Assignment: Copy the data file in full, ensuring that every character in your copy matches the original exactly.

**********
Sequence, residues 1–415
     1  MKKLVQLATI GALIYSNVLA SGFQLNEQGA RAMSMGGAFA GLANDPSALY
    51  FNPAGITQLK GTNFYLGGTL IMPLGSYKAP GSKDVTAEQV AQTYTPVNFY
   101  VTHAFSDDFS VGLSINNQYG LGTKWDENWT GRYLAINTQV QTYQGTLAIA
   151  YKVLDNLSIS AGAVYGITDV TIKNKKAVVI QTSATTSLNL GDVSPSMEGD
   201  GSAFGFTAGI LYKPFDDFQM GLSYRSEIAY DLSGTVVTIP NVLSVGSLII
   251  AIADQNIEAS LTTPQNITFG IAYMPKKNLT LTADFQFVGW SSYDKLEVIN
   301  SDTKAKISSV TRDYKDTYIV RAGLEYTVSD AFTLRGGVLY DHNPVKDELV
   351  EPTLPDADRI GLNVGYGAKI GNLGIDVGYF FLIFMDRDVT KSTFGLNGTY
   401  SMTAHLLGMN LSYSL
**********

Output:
Sequence, residues 1–415
     1  MKKLVQLATI GALIYSNVLA SGFQLNEQGA RAMSMGGAFA GLANDPSALY
    51  FNPAGITQLK GTNFYLGGTL IMPLGSYKAP GSKDVTAEQV AQTYTPVNFY
   101  VTHAFSDDFS VGLSINNQYG LGTKWDENWT GRYLAINTQV QTYQGTLAIA
   151  YKVLDNLSIS AGAVYGITDV TIKNKKAVVI QTSATTSLNL GDVSPSMEGD
   201  GSAFGFTAGI LYKPFDDFQM GLSYRSEIAY DLSGTVVTIP NVLSVGSLII
   251  AIADQNIEAS LTTPQNITFG IAYMPKKNLT LTADFQFVGW SSYDKLEVIN
   301  SDTKAKISSV TRDYKDTYIV RAGLEYTVSD AFTLRGGVLY DHNPVKDELV
   351  EPTLPDADRI GLNVGYGAKI GNLGIDVGYF FLIFMDRDVT KSTFGLNGTY
   401  SMTAHLLGMN LSYSL